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MIG Welding 101

What Can it Do?

Join two pieces of steel together!


Safety Considerations

  • Keep a fire extinguisher beside you

  • The biggest dangers come from our complacency and not being totally aware of what we are doing. Don't take shortcuts that compromise safety.

  • Point out the following safety equipment:

    • Fire extinguisher

      • At each doorway

    • Fire exits

    • First aid kits located at front desk

  • Metal Shop Safety Guidelines

    • Wear appropriate clothing:

      • Clothes should be made out of natural fibers such as cotton or wool. Do not wear synthetics as they melt to the skin

      • Full length pants which fit over your boots – to stop hot metal/sparks from getting into your footwear

      • Wear a long sleeved shirt and pants without cuffs and have your pant legs cover your shoes so sparks can't drop into your footwear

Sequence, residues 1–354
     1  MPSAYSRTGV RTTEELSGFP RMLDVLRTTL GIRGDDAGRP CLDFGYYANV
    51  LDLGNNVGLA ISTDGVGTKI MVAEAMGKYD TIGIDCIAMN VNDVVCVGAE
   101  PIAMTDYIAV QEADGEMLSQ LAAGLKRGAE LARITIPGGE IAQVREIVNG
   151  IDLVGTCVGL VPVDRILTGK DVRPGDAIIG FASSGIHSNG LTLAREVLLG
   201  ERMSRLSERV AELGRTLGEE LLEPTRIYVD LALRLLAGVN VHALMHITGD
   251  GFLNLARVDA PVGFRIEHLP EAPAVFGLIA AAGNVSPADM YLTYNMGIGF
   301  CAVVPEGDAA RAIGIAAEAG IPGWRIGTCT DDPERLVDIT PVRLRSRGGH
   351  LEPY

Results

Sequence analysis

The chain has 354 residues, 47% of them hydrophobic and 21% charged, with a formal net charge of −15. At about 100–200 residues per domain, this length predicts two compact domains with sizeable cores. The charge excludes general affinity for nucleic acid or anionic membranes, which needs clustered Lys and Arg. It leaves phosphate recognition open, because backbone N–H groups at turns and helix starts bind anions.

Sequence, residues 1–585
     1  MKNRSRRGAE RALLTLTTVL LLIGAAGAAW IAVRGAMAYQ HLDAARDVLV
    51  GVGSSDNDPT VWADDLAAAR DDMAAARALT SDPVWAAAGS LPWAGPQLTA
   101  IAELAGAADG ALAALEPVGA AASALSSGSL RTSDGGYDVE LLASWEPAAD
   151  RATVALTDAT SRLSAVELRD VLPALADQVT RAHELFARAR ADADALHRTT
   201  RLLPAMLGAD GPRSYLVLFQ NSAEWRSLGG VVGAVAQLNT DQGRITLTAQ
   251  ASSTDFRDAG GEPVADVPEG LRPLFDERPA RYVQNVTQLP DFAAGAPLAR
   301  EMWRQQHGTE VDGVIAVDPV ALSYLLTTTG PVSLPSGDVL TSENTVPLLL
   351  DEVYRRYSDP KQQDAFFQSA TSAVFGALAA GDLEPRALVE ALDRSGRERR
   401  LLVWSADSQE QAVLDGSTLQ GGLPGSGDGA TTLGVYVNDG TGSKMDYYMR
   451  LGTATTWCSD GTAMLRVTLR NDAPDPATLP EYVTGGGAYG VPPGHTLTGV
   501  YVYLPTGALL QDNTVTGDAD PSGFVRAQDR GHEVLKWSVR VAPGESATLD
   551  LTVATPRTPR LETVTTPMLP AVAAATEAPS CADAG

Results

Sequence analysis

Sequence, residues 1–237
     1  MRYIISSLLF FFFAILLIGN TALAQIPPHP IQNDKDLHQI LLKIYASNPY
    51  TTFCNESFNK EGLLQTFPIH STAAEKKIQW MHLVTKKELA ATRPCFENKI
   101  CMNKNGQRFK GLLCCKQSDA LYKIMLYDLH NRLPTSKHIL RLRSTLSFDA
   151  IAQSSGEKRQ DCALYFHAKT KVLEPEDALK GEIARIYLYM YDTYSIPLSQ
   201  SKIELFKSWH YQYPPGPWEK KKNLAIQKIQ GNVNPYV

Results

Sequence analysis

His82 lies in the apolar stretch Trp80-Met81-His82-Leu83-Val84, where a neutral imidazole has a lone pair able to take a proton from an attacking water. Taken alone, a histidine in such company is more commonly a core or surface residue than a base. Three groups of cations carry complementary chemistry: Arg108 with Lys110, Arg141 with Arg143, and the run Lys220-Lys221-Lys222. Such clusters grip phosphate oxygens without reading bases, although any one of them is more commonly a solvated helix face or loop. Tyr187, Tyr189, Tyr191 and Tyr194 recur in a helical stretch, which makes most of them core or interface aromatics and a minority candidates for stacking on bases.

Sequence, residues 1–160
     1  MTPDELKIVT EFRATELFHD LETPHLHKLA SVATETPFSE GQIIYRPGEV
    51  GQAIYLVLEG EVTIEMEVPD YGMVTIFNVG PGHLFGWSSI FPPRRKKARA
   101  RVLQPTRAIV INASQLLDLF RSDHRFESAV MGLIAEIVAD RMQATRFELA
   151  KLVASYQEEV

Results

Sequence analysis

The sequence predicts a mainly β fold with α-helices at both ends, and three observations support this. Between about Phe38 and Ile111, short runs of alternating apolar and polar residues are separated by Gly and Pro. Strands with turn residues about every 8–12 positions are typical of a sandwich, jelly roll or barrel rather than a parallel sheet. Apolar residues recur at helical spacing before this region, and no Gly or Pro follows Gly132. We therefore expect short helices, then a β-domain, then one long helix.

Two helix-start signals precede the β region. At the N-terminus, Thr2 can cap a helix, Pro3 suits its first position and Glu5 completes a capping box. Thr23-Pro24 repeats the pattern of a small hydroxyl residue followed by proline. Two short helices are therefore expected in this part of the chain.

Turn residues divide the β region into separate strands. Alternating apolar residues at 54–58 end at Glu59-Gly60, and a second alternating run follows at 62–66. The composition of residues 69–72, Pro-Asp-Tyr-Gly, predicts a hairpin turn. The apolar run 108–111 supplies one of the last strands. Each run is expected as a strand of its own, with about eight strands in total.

• Wear leather boots, CSA approved boots are best, no sandals or open footwear (green shield)

      • Wear leather gloves (demonstrate different types of gloves)

      • Long hair, drawstrings and shirt tails/sleeves tucked in/ tied back,

      • Safety glasses at all times in shop, hearing protection recommended

      • Avoid wearing jewelry

    • Main causes of injury are:

      • Sharp metal edges

      • Sparks

      • Heat and flame

      • Arc Flash

      • Electric Shock

      • Welding Gases

      • Fumes

    • Metal safety:

      • Hold it like it's glass (sharp edges)

      • May be very hot, always check before you grab or wear gloves

    • Electricity:

      • Electric shock can occur when arc welding. This usually happens when the current passes from the electrode through the welder to the piece being welded and through contact with poorly maintained electrical cables

      • Don't set handle on table - hang from cart

      • Primary electric shock is much more hazardous because the voltage is much higher than the secondary or welding voltage.

      • AC is 2 to 3 times more dangerous than DC welding.

      • Inspect your equipment to make sure it has been properly maintained.

      • Wear proper PPE (personal protective equipment) to insulate yourself from electrical hazards, dry gloves and rubber soled boots.

      • NEVER touch ground & tip at the same time (ground is kept up at the front desk)

      • MIG (Metal Inert Gases) = cable is hooked up to (+) port on box

      • DCEP (Direct Current Electrode Positive) (electrode = welding gun)